updated 07:35 pm EST, Sun February 13, 2011
New tablet steps up to iPad-level specs
Samsung's Mobile World Congress event primarily focused on the new Galaxy S II smartphone, but the company pulled the curtains back open to spend a few minutes talking about its second-generation tablet. Electronista took advantage of an opportunity to try out the new gadget, which is among the first to be based on Google's tablet-optimized Android 3.0 OS.
The Tab 10.1 is built around a larger screen than its predecessor, stretching from a seven-inch panel to a 10.1-inch spread that inspires the name. The shift essentially brings the device into direct competition with the iPad; the first-generation Tab arguably fell into a separate category for mid-size devices. Our experience with the original Tab felt closer to a smartphone than a tablet, but the larger model overcomes those objections.
Our first impression with the first Galaxy Tab was partially influenced by the OS; Samsung jumped into the Android tablet market before the OS was truly optimized for the larger screen. Android 3.0 Honeycomb solidifies the tablet experience on the Tab 10.1, however, helping to eliminate issues that emerged when using a scaled-up smartphone OS. We also agreed with Samsung's choice to leave the stock OS alone. UI tweaks helped overall usability with Froyo on a seven-inch layout, but it does not seem to be necessary with Honeycomb.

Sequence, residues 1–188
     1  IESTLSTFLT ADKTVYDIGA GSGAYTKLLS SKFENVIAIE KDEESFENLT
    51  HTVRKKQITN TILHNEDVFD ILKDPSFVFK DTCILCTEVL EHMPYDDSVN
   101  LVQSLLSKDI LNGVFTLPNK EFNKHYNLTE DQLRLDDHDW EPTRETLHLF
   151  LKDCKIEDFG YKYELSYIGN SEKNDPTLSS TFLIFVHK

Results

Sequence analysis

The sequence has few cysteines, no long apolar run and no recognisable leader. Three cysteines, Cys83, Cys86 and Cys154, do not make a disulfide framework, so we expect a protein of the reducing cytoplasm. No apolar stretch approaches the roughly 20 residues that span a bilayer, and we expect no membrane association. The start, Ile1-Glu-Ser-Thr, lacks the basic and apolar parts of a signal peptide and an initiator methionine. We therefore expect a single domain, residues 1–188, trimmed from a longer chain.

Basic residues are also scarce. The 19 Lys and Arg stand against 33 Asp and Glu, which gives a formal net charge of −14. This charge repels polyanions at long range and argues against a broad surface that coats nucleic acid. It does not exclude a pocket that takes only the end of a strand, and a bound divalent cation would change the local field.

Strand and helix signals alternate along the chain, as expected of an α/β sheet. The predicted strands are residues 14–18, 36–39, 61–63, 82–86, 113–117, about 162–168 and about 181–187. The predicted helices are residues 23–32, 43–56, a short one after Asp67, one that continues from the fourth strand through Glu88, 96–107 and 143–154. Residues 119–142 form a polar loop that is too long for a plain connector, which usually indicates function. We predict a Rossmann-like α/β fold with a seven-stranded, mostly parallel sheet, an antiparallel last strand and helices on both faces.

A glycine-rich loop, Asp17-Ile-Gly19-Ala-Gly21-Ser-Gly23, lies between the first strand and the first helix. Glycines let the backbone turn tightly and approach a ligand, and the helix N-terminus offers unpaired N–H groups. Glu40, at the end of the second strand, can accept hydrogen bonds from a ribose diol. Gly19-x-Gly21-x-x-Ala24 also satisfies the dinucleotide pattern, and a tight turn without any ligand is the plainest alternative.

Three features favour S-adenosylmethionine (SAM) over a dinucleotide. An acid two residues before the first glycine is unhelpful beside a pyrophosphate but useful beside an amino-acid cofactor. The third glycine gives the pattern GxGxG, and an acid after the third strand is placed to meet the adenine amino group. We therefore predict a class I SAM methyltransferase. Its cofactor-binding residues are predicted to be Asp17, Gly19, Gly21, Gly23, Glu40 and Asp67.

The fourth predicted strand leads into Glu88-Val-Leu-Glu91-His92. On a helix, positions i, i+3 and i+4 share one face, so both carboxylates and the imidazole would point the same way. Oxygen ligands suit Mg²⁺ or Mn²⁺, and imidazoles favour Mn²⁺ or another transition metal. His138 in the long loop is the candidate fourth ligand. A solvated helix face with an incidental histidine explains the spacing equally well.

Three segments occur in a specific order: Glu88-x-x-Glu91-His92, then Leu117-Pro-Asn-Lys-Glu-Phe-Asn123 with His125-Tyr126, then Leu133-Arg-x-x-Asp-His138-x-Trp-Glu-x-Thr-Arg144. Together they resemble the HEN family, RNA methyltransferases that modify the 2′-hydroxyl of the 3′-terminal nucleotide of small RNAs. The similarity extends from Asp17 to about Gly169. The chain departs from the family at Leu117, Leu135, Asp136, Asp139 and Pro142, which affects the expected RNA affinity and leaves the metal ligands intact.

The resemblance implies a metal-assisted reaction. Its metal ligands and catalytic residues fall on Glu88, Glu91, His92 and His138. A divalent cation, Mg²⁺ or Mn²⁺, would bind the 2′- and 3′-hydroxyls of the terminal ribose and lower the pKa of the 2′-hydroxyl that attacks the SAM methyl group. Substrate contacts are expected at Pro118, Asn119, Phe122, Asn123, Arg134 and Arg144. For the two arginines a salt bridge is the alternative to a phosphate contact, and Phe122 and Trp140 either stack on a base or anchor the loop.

From the front and sides, the Tab 10.1 and iPad both share a similar appearance with black bezels held by an aluminum frame. Samsung takes from the Galaxy S design for the back panel, which is textured and slightly contoured for hand grip. The tablet felt solid in our hands, while the weight seemed lighter than the iPad.
Under the hood, the Tab 10.1 packs the same dual-core Tegra processor as Motorola's Android 3.0-based Xoom tablet. The OS and apps seemed to be snappy and responsive while we flicked through the UI and tried out a few apps.
We liked the Tab 10.1, but the device did not have any spectacular features to set it apart from the rest of the crowd. Users can generally expect quite a few tablets to arrive this year with the same OS and similar screen sizes, screen resolutions and camera configurations. A few of the current unknowns -- price, battery life and launch timing -- may be the factors that make or break the Tab 10.1.